Given that so much will rely on a well-negotiated conference agreement, it is worth evaluating how difficult it will be to reconcile the House and Senate versions. The first thing to recognize is that both the House and Senate tax reform bills have a lot in common. They are both based on the same framework outlined on September 27, and, among other things, they both cut the corporate tax rate from 35 percent to 20 percent, include repatriation proposals, and simplify the tax code for individuals. Individual filers would get a doubling the standard deduction, while many of the current tax credits, deductions, and income exclusions would be eliminated.
Both plans get rid of the Alternative Minimum Tax (AMT) while keeping 401(k) contribution limits, the charitable giving deduction, the child and dependent care deduction, and the adoption tax credit. Meanwhile, both plans eliminate the Domestic Production Activities Deduction, allow for full and immediate deduction of capital investments, and make changes to business deduction of interest payments.
Just as there are too many similarities between the two bills to list them all in this column, there are also too many differences. Among the more high-profile areas of disagreements are the Senate’s repeal of the individual Obamacare mandate, the Senate providing seven individual tax brackets while the House goes to four, the House allowing up to $10,000 in local property tax deduction while the Senate eliminates state and local tax deductions altogether, Senate retention of the mortgage interest deduction which the House limits to $500,000 mortgages, eventual repeal of the estate tax by the House but not in the Senate, and Senate retention of the medical expenses deduction that the House eliminates. There are also important differences in the treatment of pass-through businesses and international taxation. Finally, the timing and duration of the tax cuts differ in important ways as the corporate tax rate is cut in 2018 in the House bill and 2019 in the Senate and the House makes tax cuts permanent while individual tax cut provisions expire after 2025 in the Senate.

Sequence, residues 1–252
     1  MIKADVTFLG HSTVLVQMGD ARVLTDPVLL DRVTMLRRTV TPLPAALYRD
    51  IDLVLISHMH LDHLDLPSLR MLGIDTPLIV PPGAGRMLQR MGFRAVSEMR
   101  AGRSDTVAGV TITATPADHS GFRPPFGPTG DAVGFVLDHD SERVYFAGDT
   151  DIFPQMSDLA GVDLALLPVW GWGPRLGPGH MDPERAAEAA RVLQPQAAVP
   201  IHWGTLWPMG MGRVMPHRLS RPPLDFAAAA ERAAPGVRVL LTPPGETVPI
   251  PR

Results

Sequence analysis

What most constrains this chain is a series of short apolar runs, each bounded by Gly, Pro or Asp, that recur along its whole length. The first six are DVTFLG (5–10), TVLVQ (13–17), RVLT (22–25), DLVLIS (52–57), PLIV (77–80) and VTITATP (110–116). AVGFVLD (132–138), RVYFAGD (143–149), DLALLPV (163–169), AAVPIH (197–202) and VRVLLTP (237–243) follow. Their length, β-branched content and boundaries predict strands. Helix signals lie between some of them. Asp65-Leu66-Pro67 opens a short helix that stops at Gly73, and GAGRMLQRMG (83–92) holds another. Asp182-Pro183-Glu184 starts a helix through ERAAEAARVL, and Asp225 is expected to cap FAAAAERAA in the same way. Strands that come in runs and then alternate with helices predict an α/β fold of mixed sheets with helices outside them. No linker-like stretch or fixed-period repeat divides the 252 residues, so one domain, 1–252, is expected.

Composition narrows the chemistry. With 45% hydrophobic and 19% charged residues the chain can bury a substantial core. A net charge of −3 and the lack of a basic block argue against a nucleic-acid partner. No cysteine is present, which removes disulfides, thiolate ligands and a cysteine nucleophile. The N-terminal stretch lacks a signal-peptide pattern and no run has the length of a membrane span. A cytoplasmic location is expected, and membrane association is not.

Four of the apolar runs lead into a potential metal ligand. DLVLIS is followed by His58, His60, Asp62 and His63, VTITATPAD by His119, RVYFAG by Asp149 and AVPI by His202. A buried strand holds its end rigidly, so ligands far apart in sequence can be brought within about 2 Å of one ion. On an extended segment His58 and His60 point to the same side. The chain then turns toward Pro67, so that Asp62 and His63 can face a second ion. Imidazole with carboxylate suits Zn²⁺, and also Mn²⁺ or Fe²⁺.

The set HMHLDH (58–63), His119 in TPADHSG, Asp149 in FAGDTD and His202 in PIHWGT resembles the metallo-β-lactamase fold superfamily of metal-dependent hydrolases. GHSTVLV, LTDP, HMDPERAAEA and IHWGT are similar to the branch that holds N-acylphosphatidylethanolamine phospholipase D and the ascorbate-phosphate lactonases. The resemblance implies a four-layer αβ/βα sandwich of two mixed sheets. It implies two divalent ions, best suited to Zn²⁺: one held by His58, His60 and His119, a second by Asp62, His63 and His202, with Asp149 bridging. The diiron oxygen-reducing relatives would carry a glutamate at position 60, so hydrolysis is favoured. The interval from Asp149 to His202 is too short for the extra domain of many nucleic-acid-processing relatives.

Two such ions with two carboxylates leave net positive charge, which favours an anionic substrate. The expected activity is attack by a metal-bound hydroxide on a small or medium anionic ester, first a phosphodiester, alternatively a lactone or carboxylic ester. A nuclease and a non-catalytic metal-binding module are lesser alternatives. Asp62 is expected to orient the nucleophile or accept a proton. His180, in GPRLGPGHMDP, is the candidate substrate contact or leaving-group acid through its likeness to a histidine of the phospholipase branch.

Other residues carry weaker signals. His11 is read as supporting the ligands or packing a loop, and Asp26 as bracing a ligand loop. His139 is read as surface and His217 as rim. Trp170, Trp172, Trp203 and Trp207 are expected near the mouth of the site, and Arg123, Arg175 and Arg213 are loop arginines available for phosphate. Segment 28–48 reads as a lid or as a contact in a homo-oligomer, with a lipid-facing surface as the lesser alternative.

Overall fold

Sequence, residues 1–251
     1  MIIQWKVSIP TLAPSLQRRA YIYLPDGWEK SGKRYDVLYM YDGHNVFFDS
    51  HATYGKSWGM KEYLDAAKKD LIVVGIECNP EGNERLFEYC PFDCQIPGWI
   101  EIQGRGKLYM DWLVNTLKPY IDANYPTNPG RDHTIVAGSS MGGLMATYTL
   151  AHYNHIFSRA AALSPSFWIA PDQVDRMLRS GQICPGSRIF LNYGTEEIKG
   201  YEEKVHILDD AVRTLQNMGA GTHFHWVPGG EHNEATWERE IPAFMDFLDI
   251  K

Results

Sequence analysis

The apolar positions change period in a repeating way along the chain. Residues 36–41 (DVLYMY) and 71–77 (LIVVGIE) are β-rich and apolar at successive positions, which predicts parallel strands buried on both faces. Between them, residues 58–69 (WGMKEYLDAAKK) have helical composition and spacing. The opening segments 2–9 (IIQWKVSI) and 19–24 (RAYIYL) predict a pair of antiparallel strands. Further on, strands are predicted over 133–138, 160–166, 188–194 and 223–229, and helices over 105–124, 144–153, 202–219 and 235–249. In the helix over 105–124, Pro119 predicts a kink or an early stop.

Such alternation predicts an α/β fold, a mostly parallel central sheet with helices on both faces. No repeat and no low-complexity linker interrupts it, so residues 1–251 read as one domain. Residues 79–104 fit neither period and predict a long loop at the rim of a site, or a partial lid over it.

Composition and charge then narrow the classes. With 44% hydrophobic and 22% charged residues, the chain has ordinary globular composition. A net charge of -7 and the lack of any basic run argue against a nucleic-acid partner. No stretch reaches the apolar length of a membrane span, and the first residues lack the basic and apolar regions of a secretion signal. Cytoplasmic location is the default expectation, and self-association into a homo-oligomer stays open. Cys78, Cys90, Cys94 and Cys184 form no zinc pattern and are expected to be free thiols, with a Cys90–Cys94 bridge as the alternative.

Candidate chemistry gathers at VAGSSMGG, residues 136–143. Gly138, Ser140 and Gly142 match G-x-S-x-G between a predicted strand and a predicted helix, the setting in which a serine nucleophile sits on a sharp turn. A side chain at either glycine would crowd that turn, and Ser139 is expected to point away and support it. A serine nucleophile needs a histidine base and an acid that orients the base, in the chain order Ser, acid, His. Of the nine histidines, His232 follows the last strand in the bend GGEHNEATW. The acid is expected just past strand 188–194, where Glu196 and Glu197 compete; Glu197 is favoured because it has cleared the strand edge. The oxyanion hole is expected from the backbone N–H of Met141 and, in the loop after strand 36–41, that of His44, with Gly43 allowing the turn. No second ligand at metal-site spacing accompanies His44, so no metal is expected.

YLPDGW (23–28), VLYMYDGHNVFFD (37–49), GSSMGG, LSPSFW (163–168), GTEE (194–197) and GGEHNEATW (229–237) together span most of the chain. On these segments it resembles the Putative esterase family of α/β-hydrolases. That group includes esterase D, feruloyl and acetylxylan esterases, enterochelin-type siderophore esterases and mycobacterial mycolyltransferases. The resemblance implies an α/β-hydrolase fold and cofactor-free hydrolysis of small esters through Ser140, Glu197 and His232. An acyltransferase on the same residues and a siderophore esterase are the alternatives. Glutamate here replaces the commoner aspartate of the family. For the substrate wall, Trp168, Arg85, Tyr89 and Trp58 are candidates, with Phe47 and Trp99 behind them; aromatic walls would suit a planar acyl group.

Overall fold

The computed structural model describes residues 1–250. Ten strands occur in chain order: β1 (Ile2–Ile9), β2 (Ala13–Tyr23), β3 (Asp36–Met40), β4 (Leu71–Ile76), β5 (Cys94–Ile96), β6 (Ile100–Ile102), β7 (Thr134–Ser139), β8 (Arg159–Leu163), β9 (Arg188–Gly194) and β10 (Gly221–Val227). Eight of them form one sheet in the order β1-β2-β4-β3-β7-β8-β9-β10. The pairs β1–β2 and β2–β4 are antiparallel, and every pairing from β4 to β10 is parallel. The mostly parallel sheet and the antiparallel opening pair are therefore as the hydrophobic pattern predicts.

Clearly, Congressional Republicans will have their work cut out for them if they want to deliver a tax reform bill to the President’s desk by year’s end. A lot of folks are pointing to the failure of the Obamacare repeal and replace efforts and assigning a well-deserved dose of skepticism to the current drive for tax reform, and the skeptics may be right. Yet, as I try to calculate the odds of tax reform passing, I’m keeping in mind the natural human instinct, whether you’re a NFL quarterback or a member of Congress, to focus and rise to the occasion when your back is up against the wall. As I’ve listened to Republicans over the last couple of months, I’m hearing a focused, determined group of lawmakers who know they need to win on tax reform. I have no idea about whether the Falcons will make the playoffs, but I do know that when it comes to tax reform, love it or hate it, Republicans will leave it all on the field.